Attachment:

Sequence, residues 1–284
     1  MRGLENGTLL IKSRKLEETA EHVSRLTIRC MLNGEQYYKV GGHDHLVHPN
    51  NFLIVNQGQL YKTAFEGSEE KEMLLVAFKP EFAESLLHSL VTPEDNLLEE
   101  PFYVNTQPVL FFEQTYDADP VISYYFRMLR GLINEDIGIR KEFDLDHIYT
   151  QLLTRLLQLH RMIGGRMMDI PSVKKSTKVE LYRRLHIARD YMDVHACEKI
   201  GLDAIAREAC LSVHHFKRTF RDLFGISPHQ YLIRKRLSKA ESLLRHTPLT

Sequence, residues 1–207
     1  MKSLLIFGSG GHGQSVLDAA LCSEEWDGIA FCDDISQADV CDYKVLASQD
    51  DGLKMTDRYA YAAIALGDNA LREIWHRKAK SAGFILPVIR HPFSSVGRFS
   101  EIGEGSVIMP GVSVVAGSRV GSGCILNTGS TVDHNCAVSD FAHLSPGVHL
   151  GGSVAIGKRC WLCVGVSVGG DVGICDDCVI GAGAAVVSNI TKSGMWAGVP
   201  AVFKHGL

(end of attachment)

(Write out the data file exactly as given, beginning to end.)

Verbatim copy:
Sequence, residues 1–284
     1  MRGLENGTLL IKSRKLEETA EHVSRLTIRC MLNGEQYYKV GGHDHLVHPN
    51  NFLIVNQGQL YKTAFEGSEE KEMLLVAFKP EFAESLLHSL VTPEDNLLEE
   101  PFYVNTQPVL FFEQTYDADP VISYYFRMLR GLINEDIGIR KEFDLDHIYT
   151  QLLTRLLQLH RMIGGRMMDI PSVKKSTKVE LYRRLHIARD YMDVHACEKI
   201  GLDAIAREAC LSVHHFKRTF RDLFGISPHQ YLIRKRLSKA ESLLRHTPLT

Sequence, residues 1–207
     1  MKSLLIFGSG GHGQSVLDAA LCSEEWDGIA FCDDISQADV CDYKVLASQD
    51  DGLKMTDRYA YAAIALGDNA LREIWHRKAK SAGFILPVIR HPFSSVGRFS
   101  EIGEGSVIMP GVSVVAGSRV GSGCILNTGS TVDHNCAVSD FAHLSPGVHL
   151  GGSVAIGKRC WLCVGVSVGG DVGICDDCVI GAGAAVVSNI TKSGMWAGVP
   201  AVFKHGL